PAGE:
1. Top of page
  2. Abstract
  6. Acknowledgements


Patients with advanced malignant melanoma refractory to standard therapeutic regimens were eligible for treatment if they were shown to be HLA-A1+ or HLA-A2+. Patients were required to be between 18 and 70 years of age, to have a life expectancy of at least 3 months and to have a Karnofsky performance status of 60% or higher. Exclusion criteria were severe concomitant diseases, pregnancy or lactation, any treatment or immunosuppressive therapy including steroids in the prior month and clinically evident brain metastasis. The trial was designed and conducted in accordance with the Declaration of Helsinki. The therapeutic protocol was approved by the institutional ethics committee and registered with the regulatory state authority as well as the federal Paul-Ehrlich-Institute. All patients gave written informed consent before enrolling in the study. HLA typing of peripheral blood lymphocytes was carried out at the Freiburg University HLA Typing Laboratory.


Each of the peptides utilized in this study was prepared under GMP-like conditions by Bachem (Bubendorf, Switzerland): Melan-A 26-35 (HLA-A2), EAAGIGILTV; gp100 280–288 (HLA-A2), YLEPGPVTA; tyrosinase 369–377 (HLA-A2), YMDGTMSQV; MAGE-1 161–169 (HLA-A1), EADPTGHSY; MAGE-3 168–176 (HLA-A1), EVDPIGHLY. The identity of each peptide was confirmed by mass spectral analysis. Peptides were >98% pure as assessed by HPLC. The endotoxin level was <0.1 endotoxin units/ml.

Media and reagents

Cells were cultured in RPMI-1640 supplemented with 200 mM L-glutamine, 50 μM β-mercaptoethanol, 100 mM sodium pyruvate, 50 μg/ml streptomycin, 50 units/ml penicillin, MEM vitamins and 10% FCS (treated at 56°C for 30 sec; PAN Systems, Aidenbach, Germany) (standard culture medium, SCM). The following recombinant human cytokines were employed: IL-3, IL-4, IL-6, TNF-α, SCF (all from CellGenix, Freiburg, Germany) and GM-CSF (Essex Pharma, Novartis Pharma, Basel, Switzerland). Human recombinant cytokines were used at a concentration of 10 ng/ml (IL-3, SCF), 20 ng/ml (TNF-α), 50 ng/ml (IL-4) or 100 ng/ml (IL-6, GM-CSF).

Mobilization of PBPCs and CD34+ selection

To mobilize PBPCs, patients received daily s.c. injections of G-CSF (10 μg/kg body weight) (Neupogen; Amgen, Munich, Germany) for 4 days. PBPCs were harvested by leukapheresis and collected from the apheresis product by centrifugation on Ficoll-Hypaque (Pharmacia, Freiburg, Germany) to isolate mononuclear cells (MNCs). CD34+ progenitor cells were positively selected using the Ceprate avidin–biotin immuno-adsorption column (CellPro, Bothell, WA). Aliquots of purified CD34+ PBPCs were frozen in liquid nitrogen and DC cultures initiated for each vaccination.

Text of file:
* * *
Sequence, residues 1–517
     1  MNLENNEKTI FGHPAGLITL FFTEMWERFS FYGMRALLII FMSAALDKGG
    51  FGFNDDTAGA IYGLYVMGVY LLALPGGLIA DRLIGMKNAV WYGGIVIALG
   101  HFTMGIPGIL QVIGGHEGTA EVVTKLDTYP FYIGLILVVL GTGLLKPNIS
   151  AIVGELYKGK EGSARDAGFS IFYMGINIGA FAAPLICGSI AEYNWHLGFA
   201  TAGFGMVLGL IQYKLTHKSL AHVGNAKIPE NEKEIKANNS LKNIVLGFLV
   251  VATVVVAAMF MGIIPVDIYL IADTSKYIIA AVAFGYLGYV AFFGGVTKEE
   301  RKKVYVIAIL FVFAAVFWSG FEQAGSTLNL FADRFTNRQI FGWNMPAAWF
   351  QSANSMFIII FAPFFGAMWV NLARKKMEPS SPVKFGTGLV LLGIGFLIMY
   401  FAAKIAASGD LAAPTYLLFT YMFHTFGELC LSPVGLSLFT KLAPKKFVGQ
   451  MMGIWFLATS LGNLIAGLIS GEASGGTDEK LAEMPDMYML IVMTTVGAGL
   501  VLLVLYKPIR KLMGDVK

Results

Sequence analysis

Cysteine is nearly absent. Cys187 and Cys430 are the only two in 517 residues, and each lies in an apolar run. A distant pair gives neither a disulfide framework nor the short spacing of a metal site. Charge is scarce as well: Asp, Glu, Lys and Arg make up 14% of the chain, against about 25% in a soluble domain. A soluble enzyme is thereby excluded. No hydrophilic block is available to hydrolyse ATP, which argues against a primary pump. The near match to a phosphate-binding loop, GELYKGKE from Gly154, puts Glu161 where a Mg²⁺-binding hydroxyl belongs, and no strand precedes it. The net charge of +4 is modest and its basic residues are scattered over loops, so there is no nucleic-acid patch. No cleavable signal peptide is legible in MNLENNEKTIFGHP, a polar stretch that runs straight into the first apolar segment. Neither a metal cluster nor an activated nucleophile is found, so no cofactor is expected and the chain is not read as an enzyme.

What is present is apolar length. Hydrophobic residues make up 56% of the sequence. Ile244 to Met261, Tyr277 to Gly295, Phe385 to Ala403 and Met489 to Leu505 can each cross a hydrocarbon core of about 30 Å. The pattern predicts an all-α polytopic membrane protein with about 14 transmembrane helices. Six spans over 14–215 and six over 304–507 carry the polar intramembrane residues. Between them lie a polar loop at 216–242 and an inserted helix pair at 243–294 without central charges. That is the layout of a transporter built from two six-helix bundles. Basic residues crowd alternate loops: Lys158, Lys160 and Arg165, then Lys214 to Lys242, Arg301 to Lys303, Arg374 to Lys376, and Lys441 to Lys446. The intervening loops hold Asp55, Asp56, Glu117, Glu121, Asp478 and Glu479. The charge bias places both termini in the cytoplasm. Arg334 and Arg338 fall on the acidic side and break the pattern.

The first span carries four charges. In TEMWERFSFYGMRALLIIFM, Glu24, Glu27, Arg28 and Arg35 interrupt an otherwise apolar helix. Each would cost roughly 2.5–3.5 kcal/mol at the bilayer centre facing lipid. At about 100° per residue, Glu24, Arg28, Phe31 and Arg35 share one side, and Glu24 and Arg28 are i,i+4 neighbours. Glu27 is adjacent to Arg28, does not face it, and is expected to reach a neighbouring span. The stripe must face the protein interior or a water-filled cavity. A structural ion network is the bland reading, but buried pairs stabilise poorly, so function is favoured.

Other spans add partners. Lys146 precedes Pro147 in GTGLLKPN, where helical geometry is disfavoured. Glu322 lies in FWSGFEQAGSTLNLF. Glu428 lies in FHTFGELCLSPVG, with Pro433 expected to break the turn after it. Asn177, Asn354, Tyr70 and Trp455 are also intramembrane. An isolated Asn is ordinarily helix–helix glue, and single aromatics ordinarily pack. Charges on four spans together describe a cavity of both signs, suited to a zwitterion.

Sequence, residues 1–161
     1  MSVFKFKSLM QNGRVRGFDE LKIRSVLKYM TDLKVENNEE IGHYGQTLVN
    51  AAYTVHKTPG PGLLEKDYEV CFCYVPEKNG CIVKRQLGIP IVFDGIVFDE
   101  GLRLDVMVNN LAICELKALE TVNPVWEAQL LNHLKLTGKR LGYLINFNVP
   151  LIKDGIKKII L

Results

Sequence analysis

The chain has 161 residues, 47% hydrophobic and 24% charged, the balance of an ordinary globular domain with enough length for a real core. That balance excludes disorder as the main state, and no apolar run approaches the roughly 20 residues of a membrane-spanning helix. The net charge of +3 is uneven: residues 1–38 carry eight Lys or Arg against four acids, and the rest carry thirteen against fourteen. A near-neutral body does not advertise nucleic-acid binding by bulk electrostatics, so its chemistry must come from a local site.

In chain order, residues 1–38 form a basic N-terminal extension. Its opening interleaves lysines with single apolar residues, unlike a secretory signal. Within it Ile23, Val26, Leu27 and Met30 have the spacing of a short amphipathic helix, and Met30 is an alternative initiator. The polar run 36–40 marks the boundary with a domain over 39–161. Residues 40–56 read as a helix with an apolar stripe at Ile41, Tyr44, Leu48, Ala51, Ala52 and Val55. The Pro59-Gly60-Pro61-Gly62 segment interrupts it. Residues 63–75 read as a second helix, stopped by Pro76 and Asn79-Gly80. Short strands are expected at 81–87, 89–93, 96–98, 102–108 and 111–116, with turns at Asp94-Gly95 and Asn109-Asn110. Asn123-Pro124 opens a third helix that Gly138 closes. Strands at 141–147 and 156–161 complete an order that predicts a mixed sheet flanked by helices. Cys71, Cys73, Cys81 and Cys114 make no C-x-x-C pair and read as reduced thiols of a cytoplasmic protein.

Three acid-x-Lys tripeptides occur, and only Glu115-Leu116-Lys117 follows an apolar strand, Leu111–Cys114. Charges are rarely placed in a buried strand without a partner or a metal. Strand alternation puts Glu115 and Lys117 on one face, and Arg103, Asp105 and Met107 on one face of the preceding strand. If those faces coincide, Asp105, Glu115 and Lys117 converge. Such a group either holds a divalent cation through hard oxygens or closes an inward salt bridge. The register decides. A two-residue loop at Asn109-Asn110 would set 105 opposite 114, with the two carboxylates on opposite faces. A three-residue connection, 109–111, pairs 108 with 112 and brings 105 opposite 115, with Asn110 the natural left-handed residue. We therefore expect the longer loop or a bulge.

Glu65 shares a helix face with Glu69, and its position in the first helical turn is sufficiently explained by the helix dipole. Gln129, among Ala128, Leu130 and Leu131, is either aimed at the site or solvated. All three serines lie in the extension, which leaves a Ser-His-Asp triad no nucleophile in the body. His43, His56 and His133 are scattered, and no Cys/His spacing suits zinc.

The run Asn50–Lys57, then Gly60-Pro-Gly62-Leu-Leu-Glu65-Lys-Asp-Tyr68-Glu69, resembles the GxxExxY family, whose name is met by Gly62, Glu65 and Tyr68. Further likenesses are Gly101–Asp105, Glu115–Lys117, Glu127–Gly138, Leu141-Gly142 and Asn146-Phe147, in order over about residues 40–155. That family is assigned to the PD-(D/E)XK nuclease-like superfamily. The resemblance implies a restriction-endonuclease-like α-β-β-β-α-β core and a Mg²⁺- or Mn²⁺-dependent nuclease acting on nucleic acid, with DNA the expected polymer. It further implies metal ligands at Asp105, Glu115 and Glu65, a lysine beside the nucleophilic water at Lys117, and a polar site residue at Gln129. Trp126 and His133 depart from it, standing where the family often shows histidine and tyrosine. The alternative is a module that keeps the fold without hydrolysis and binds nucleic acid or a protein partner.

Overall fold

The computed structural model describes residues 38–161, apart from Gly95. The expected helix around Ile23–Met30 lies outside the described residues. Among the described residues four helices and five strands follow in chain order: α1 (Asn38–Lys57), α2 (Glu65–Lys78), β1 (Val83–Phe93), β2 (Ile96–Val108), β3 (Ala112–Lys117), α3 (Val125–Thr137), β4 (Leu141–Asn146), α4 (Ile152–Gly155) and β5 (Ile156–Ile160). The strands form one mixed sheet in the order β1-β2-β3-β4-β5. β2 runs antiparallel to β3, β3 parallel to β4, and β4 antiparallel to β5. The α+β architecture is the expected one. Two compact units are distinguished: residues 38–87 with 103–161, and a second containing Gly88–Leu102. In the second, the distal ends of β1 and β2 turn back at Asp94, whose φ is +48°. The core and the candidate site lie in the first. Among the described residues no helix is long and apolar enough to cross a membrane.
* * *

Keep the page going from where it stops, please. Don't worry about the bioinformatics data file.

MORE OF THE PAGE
Generation of DCs from CD34+ PBPCs

DCs were propagated as described previously with minor modifications (Herbst et al.,1996). In brief, CD34+ PBPCs were thawed and cultured for 7 days in SCM supplemented with IL-3, IL-6 and SCF. Subsequently, cells were transferred to SCM supplemented with IL-4/GM-CSF and cultured for the next 3 weeks while medium was replenished weekly. Cells were seeded at a concentration of 5 × 104 cells/ml at the beginning of culture and at a concentration of 5 × 105 cells/ml on days 7, 14 and 21. Maturation to interdigitating DCs was induced during 24 hr by adding TNF-α to the culture medium including IL-4/GM-CSF.

Flow-cytometric analysis

Surface marker analysis of DCs was performed using a FACScan (Becton Dickinson, Mountain View, CA) and the Lysis II software. FITC- or PE-conjugated monoclonal antibodies (MAbs) used for phenotyping included anti-CD1a (T6, IgG1; Coulter, Hialeah, FL), HLA-DR (L243, IgG2a; Becton Dickinson), anti-CD80 (BB-1, IgM) and anti-CD14 (WM15, IgG2a; PharmMingen, San Diego, CA).

Pulsing of in vitro generated DCs

Twenty-four hours after adding TNF-α, 5 × 106 to 5 × 107 CD1a+ DCs were pulsed with either a pool of HLA-A1-restricted peptides (MAGE-1 and MAGE-3) or a pool of HLA-A2-restricted peptides (Melan-A, gp100 and tyrosinase), selected on the basis of the patient HLA haplotype. For patient 3 (HLA-A1+/A2+), a pool of HLA-A1- plus -A2-restricted peptides was used. DCs were pulsed at 10 μg/ml final peptide concentrations for 2 hr at 37°C in PBS.